Apple has long been an advocate for privacy and CEO Tim Cook has continued that since he took charge of the company. With privacy very much a hot-button topic as more and more companies collect ever-increasing amounts of our data, Cook gave a speech at the 40th International Conference of Data Protection & Privacy Commissioners, with that speech now available online in the form of a video.
Taking to the stage and giving what felt at times like an Apple product announcement keynote, Tim Cook spoke about why privacy is so important to Apple, and why it should be important to other technology companies, too.
Kicking the speech off, Cook noted that while technology can be used for good, there is also the potential for it to do harm, as we’ve seen in recent years.
These are transformative times. Around the world, from Copenhagen to Chennai to Cupertino, new technologies are driving breakthroughs in humanity’s greatest common projects. From preventing and fighting disease…To curbing the effects of climate change…To ensuring every person has access to information and economic opportunity.
At the same time, we see vividly—painfully—how technology can harm rather than help. Platforms and algorithms that promised to improve our lives can actually magnify our worst human tendencies. Rogue actors and even governments have taken advantage of user trust to deepen divisions, incite violence, and even undermine our shared sense of what is true and what is false.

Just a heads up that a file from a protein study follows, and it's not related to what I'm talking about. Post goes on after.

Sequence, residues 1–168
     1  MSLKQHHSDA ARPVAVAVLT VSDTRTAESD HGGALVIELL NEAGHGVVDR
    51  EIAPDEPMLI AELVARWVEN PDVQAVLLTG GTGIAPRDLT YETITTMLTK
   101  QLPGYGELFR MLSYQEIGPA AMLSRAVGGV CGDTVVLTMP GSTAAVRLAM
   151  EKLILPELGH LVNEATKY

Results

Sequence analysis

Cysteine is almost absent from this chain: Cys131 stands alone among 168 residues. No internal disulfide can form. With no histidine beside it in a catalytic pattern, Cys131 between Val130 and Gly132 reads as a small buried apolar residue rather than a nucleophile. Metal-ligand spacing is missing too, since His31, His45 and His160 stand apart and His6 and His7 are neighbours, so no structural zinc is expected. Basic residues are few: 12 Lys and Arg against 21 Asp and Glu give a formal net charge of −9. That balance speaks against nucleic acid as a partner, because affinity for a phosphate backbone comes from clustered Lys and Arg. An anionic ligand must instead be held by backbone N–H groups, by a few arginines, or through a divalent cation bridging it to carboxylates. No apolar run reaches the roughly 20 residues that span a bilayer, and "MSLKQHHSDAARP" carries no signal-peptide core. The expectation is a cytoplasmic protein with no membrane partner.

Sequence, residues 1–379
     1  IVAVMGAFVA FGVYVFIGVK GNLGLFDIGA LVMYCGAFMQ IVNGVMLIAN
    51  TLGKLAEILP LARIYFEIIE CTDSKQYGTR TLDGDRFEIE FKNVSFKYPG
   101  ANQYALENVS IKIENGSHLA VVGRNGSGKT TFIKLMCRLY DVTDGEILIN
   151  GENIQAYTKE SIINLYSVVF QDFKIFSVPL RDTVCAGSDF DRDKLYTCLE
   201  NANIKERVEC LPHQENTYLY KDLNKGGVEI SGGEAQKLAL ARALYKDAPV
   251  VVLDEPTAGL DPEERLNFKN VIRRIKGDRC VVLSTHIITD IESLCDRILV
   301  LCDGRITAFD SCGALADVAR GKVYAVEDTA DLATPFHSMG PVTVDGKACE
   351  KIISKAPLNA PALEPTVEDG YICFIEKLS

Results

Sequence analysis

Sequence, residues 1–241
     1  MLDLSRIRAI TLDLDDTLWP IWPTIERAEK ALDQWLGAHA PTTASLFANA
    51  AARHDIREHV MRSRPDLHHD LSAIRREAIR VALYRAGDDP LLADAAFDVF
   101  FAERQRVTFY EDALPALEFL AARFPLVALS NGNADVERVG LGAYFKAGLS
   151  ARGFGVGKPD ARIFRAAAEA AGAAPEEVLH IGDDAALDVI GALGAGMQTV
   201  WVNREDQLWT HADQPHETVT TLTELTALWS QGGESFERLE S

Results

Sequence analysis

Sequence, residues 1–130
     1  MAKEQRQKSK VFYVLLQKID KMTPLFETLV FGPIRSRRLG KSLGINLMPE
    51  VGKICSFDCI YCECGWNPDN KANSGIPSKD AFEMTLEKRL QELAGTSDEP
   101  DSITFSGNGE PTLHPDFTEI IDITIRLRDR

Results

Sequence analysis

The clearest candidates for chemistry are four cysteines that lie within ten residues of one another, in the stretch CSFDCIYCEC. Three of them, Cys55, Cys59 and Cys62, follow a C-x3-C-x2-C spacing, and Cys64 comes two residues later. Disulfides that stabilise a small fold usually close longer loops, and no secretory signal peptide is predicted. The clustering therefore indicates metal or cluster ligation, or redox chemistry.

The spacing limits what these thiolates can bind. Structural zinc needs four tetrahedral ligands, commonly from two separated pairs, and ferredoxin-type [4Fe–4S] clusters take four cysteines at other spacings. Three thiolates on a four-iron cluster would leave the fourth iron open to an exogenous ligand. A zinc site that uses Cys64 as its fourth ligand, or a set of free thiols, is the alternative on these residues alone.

This crisis is real. It is not imagined, or exaggerated, or “crazy.” And those of us who believe in technology’s potential for good must not shrink from this moment.
That tone continued throughout the speech, with Cook also speaking about how personal data is now traded by companies, with seemingly harmless scraps of data being amalgamated to create chunks of information that can be used by companies.
Our own information, from the everyday to the deeply personal, is being weaponized against us with military efficiency.
Every day, billions of dollars change hands, and countless decisions are made, on the basis of our likes and dislikes, our friends and families, our relationships and conversations… Our wishes and fears… Our hopes and dreams.
These scraps of data – each one harmless enough on its own – are carefully assembled, synthesized, traded, and sold […]
We shouldn’t sugarcoat the consequences. This is surveillance. And these stockpiles of personal data serve only to enrich the companies that collect them.
Towards the end of the speech, Cook lent on Apple’s history of privacy while also quoting Apple co-founder and former CEO, Steve Jobs.
At Apple, respect for privacy—and a healthy suspicion of authority—have always been in our bloodstream. Our first computers were built by misfits, tinkerers, and rebels—not in a laboratory or a board room, but in a suburban garage. We introduced the Macintosh with a famous TV ad channeling George Orwell’s 1984—a warning of what can happen when technology becomes a tool of power and loses touch with humanity.
And way back in 2010, Steve Jobs said in no uncertain terms: “Privacy means people know what they’re signing up for, in plain language, and repeatedly.”
Apple’s stance on privacy should be news to nobody, and while the appearance of an iPhone XR on-stage – in bright blue, no less – did feel like poorly placed advertising, the full speech is well worth a watch at just under 20-minutes. Make yourself a coffee and check it out in full.
(Source: European Data Protection Supervisor [YouTube])
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